Job Losses to US Alarm Canadians


THE Canada-United States Free Trade Agreement is being blamed for a series of layoffs and plant closings across Canada. The announcements are all recent and they affect at least 4,390 workers, most of them in the industrial heartland of Ontario. Critics of the free trade agreement, which came into effect last Jan. 1, are saying their fears have been confirmed. ``A lot of these jobs are moving to the United States,'' says Bill Howes of the Labor Council of Metropolitan Toronto. ``The Free Trade deal means there is less incentive for multinational companies to keep plants in Canada.''

The Canadian government has not been persuaded by this argument. It agreed with the US Nov. 30 to speed up tariff cuts covering $6 billion in trade. The original deal wipes out tariffs and many other trade barriers within a decade. The speed-up affects chemicals, pharmaceuticals, printed circuit boards, scientific instruments, electric motors, and some other items.

Those in favor of free trade say the layoffs are due to the rising Canadian dollar and the globalization of trade. ``I don't think the free trade agreement has anything to do with this,'' says John Grant, chief economist with the firm of Wood Gundy Inc. in Toronto. ``The country is heading into a mild recession brought on by the fiscal policies of the federal government aimed at holding down inflation and lowering the budget deficit.''

Total trade between Canada and the US is approaching $200 billion in goods and services this year, the largest amount of commerce between any two nations. The tariff cut speed-ups cover more than 500 products. That is about 10 percent of the initial requests for faster lowering of barriers by the industries of both nations.

Here are the companies affected by layoffs:

Canadian Airlines International announced 1,900 layoffs. The company says it is a result of its merger with Wardair in October.

Ford Motor Co. of Canada will lay off 900 workers and shut one its three engine plants in Windsor, Ontario, by December of 1990. The plant was built in 1922 and will be torn down after it closes.

Gerber (Canada) Inc. will close its baby food plant in Niagara Falls, Ontario, next April and move to the United States. It will put 150 people out of work. The company says it is more efficient to operate from the American plant.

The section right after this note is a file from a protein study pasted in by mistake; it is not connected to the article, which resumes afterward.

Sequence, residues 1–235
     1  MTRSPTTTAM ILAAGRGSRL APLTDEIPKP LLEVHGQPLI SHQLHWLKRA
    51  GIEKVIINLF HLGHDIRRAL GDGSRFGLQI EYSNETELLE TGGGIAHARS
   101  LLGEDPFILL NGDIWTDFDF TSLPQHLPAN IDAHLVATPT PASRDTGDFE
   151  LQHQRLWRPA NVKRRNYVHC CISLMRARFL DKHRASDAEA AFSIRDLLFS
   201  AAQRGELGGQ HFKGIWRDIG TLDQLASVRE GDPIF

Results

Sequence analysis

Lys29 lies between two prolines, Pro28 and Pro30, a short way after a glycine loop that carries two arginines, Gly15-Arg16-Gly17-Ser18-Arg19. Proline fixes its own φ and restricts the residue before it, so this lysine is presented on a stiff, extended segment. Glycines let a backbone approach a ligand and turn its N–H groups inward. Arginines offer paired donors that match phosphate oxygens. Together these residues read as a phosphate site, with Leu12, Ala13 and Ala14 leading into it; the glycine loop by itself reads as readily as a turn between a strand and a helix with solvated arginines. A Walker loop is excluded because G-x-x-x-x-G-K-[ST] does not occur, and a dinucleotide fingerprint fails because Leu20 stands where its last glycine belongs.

General Electric Canada Inc. will close its Montreal lamp factory by July of next year, putting 200 people out of work.

Burlington Canada Inc. closed its plant in Brampton, Ontario, laying off 450 people. It too is moving its production to the United States.

Inglis Ltd., an appliance manufacturer, is closing its Toronto plant with the loss of 550 jobs. The Canadian market will be supplied by its parent plant in Ohio, owned by Whirlpool Corp.

Indal Inc. and PPG Canada Inc. will close a joint venture company next month, putting 240 people out of work. The firm made insulated glass, but demand was lower than expected.

Abitibi Price Inc. is laying off 250 workers at its newsprint mill in Grand Falls, Newfoundland, because of falling newsprint prices and the rising Canadian dollar.

Although many critics are quick to blame the free trade agreement for the thousands of lost jobs, economists point to other factors, including the Canadian dollar which is worth almost 86 cents American, up 12.6 percent in two years.

The high value of Canada's dollar is hurting exporters. The Canadian Export Association estimates that every one cent rise in Canadian dollar means a loss of $1.3 billion (Canadian; US$1.1 billion) in exports for Canadian firms.

But unions are convinced free trade is the culprit. The Canadian Labour Congress through its Trade Watch Bulletin says the Free Trade Agreement is responsible for the loss of 60,000 Canadian jobs this year.

Even some businesses admit free trade was a factor in moving. The President of Burlington Canada, Jack Moon, said both free trade and higher Canadian wage rates were a factor in moving the Canadian operation back to the United States.

Tariffs on carpets were 20 percent but are being cut to zero over 10 years. ``We are in an industry that was protected by tariffs,'' said Mr. Moon. ``And somewhere in the next 10 years we wouldn't have been able to compete.''

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